Published on 13 December 2023
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Towards a broader understanding of social infrastructure

How does the private sector contribute to social infrastructure across the country? Rosa Marks outlines a new collaborative project from the Bennett Institute and Power to Change looking at the role of the private sector in providing social infrastructure.

When we think of social infrastructure, we often think of spaces specifically designed to bring communities together such as village halls, community centres, libraries, and parks. Generally publicly funded, they are widely recognised as playing a key role in providing people with a sense of belonging, fostering feelings of connection, and acting as a bulwark against particular local social problems. It is no surprise, therefore, that these are the spaces that public sector strategies often focus on, and that communities’ campaign to protect when difficult funding decisions are made. In the last decade, direct community ownership for these spaces has increased, reflecting their value to local people.

And yet, as our recent research showed, there are a range of spaces that provide these outcomes (and more), which are rarely considered as social infrastructure despite the importance local people place on them – spaces like supermarkets, pubs, cafes, and shopping centres.

The latest data from the Office for National Statistics (ONS) shows that across the United Kingdom, there are 20,966 halls and community centres and 3,390 libraries. But when we compare this to the 58,127 convenience stores and independent supermarkets, 8,142 supermarket chains, and 2,695 shopping centres and retail parks, the potential of these semi-public, often commercially-owned spaces jumps out. There is a wealth of space in private ownership that fosters a sense of place, enables social interactions, and even stimulates social integration. For example, recent research undertaken in the United States used geographical mobile phone location data to highlight the important role that mid-level restaurant chains could play in acting as shared spaces for different social groups. And there are great opportunities for these spaces to do more.

To identify these opportunities and understand the policy implications for including these spaces in conversations around social infrastructure, Power to Change and the Bennett Institute are embarking on a new project to explore the current and possible future role of privately owned commercial spaces and how communities could become more involved in their development as social infrastructure. We will also look at how communities can repurpose privately owned vacant retail units as socially-oriented spaces given the widespread decline of retail, as well as how property owners, especially developers, can collaborate with communities to provide sustainable and much-needed social infrastructure.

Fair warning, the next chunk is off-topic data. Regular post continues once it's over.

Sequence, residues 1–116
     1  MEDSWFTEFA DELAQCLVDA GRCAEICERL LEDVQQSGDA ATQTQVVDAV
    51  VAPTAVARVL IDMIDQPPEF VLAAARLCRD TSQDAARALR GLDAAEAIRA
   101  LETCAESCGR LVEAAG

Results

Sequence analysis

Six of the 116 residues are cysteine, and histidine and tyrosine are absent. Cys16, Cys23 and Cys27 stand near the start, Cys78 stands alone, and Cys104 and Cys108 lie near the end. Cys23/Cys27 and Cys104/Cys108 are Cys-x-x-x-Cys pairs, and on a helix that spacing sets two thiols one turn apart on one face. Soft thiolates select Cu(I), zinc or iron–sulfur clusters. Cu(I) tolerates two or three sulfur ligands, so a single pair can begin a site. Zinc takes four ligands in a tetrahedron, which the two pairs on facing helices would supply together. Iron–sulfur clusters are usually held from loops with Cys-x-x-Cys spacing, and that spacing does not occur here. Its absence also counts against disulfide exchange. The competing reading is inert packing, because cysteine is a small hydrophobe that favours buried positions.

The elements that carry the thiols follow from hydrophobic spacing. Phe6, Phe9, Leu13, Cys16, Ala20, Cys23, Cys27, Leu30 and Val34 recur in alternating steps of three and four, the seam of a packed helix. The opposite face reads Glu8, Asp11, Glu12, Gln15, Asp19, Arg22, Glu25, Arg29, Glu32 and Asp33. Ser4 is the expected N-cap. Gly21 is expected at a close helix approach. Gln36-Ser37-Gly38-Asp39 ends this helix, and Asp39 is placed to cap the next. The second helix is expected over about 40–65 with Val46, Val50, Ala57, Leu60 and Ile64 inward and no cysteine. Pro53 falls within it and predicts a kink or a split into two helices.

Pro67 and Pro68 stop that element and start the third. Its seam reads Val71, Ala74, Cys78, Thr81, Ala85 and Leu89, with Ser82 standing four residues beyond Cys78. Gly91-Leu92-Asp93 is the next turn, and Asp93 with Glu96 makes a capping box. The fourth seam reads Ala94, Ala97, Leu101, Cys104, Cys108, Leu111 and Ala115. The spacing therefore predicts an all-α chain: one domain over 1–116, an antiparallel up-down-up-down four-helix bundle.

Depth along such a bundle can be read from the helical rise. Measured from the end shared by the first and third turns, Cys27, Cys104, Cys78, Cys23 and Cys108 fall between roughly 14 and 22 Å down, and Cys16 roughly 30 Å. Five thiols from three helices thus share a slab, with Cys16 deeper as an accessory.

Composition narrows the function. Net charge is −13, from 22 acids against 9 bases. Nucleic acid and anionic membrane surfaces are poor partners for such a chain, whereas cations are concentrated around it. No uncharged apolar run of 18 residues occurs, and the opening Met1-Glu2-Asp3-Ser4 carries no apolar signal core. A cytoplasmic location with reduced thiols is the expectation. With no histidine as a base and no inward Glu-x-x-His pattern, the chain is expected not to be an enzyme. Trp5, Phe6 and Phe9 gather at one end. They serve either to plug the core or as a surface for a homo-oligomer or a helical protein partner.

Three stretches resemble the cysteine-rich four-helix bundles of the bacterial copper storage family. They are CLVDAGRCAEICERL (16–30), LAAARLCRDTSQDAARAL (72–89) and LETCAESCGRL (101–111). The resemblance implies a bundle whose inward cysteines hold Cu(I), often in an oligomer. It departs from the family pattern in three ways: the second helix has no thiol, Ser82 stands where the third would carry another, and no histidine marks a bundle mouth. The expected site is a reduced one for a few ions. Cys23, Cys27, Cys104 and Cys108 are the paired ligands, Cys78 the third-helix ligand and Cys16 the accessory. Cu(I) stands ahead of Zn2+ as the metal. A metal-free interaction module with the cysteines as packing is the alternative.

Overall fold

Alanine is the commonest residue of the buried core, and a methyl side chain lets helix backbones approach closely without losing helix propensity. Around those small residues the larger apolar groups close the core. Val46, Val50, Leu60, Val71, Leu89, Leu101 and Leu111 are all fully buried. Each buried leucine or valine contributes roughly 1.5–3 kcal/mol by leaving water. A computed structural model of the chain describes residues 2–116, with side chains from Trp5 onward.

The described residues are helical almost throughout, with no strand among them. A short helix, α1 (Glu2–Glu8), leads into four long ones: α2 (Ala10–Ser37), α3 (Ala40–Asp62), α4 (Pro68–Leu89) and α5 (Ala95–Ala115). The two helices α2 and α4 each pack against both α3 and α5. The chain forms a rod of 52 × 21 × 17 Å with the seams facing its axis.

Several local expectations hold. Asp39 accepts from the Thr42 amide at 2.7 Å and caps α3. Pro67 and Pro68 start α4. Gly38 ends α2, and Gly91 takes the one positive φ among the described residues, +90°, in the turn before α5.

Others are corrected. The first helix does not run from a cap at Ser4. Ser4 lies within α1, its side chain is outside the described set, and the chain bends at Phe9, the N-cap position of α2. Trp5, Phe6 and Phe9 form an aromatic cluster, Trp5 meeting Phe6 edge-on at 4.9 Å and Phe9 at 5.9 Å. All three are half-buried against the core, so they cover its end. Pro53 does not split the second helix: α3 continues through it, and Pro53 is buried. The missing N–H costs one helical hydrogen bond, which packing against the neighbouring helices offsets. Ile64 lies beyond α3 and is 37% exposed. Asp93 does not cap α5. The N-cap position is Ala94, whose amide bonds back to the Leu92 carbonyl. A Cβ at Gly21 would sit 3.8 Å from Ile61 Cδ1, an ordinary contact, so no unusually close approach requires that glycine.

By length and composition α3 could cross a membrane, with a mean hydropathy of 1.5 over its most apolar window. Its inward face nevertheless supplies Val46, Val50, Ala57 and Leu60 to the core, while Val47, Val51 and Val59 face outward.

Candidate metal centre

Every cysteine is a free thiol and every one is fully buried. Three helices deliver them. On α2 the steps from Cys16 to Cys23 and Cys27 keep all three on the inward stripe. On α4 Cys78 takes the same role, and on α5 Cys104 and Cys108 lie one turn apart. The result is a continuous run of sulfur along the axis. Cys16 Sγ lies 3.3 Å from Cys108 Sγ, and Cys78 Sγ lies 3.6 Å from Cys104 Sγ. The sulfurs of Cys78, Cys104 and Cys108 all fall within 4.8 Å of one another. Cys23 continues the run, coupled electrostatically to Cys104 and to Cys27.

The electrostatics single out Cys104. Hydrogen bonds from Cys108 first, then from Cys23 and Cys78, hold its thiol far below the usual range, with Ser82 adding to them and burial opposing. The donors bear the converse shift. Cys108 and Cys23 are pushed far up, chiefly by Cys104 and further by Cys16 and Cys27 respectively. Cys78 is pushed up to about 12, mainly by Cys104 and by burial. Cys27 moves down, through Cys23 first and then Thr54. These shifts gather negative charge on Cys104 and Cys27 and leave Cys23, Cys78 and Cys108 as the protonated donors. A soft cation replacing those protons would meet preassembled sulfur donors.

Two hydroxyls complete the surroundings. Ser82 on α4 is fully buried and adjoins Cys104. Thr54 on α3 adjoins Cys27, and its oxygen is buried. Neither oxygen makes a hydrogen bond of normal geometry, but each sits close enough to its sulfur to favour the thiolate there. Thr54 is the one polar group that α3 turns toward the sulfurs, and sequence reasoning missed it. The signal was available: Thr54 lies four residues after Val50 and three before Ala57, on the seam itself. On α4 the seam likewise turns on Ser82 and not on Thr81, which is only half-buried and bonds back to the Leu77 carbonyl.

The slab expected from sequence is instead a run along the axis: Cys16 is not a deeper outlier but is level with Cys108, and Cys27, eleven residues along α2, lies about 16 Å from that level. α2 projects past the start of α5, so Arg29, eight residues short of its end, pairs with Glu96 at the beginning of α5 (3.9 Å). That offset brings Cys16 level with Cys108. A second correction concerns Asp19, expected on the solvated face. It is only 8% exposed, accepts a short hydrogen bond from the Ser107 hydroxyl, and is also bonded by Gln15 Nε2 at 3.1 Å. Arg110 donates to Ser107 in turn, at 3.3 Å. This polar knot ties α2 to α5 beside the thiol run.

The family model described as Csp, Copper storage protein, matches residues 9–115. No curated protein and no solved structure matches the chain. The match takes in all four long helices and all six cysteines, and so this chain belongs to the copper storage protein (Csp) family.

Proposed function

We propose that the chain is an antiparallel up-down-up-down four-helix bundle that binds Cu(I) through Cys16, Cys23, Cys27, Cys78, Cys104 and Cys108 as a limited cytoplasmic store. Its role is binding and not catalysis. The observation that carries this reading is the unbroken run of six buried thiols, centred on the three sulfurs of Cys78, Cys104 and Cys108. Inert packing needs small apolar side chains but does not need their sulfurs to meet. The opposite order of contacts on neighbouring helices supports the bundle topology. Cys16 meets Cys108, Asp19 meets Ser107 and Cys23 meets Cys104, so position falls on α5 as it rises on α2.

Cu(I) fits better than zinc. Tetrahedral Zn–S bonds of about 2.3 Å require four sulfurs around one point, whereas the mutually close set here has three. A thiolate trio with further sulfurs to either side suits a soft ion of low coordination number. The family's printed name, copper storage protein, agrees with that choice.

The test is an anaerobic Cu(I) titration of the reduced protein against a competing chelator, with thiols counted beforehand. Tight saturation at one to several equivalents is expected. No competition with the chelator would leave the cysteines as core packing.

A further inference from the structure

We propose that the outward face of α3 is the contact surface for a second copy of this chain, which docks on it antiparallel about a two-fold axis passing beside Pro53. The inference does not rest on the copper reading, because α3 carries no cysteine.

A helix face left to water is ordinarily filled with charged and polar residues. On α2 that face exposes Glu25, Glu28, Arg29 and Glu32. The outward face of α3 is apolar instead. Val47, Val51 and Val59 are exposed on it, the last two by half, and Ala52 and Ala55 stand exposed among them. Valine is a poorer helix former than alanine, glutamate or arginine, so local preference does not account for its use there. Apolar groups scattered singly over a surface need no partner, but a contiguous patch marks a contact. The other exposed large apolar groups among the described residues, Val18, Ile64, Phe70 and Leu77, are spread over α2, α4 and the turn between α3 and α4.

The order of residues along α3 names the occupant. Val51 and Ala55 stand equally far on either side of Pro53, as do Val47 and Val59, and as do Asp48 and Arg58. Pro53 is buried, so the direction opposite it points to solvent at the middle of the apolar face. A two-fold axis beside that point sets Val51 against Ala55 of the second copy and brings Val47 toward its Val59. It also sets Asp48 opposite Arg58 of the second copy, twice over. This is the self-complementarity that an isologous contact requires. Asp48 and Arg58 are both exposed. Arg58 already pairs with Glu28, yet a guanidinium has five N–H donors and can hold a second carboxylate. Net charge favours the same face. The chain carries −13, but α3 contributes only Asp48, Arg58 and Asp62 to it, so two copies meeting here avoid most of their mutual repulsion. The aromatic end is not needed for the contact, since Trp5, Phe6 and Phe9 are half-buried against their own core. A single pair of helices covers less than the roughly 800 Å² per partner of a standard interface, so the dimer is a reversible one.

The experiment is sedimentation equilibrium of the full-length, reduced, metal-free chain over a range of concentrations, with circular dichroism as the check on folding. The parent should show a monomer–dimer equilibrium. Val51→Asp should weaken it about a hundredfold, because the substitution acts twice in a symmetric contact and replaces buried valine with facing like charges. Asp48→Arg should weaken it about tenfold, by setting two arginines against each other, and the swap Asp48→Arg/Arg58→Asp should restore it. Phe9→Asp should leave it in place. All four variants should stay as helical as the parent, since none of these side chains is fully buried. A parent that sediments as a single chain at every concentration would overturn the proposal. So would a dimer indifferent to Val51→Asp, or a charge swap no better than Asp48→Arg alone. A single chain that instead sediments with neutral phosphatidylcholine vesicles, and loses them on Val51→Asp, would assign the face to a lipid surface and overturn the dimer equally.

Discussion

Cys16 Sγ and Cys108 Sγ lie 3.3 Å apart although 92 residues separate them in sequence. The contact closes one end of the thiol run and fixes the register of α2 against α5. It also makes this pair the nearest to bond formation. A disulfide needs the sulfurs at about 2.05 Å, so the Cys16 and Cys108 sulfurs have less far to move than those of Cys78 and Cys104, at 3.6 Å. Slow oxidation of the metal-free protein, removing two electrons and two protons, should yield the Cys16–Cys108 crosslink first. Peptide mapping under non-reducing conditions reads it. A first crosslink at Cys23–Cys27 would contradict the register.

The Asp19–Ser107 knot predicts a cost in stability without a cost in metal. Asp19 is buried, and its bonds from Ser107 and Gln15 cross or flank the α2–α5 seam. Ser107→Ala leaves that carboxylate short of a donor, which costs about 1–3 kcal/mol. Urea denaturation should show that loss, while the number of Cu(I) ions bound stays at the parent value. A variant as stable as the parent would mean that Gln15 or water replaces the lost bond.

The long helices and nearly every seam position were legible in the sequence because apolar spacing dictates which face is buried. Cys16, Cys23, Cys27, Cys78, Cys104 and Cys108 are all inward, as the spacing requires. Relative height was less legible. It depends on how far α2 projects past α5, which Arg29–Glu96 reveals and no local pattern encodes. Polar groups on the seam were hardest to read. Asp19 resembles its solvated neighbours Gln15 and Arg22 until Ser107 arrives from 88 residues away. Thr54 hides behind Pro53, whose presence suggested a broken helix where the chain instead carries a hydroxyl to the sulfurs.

‘Unplanned’ social infrastructure

Our previous research on community perceptions of social infrastructure showed that people use a myriad of different spaces as social infrastructure, beyond just that which is provided specifically for the purpose of creating social connections. Our research will therefore examine ‘unplanned’ social infrastructure – spaces and places not envisioned as social infrastructure, but which still function as such.

Retail constitutes a significant, yet under-researched, sector here. Supermarkets, convenience stores, shopping centres, and markets, for example, are all reliant upon and embedded within local communities, providing both an opportunity for physical interaction within one’s daily life and an anchor to foster one’s sense of place and local identity.

Many different types of social interactions occur in these places. Some people just have minor social contact with those they do not or only somewhat know (also known as ‘weak ties’), but these still have positive effects on people’s wellbeing and sense of belonging, as we saw in particular during the lockdowns of the last few years. Others strengthen their strong ties in these spaces, either intentionally by organising to meet friends or family or accidentally; a 2019 survey of Bury Market found 74% of market users bumped into someone they knew when they visited. These spaces also offer opportunities for social integration through regular encounters which break down barriers between groups, as well as social inclusion, particularly for older people and marginalised groups.

Some large retailers are already strengthening their role as type of social infrastructure. Many supermarkets have a ‘community champion’ – a full or part-time member of staff responsible for administering donations, volunteering in the local area, and coordinating the use of space in store by community groups. Other activities include quiet hours to make the store more inclusive and promoting public health through in-store vaccinations.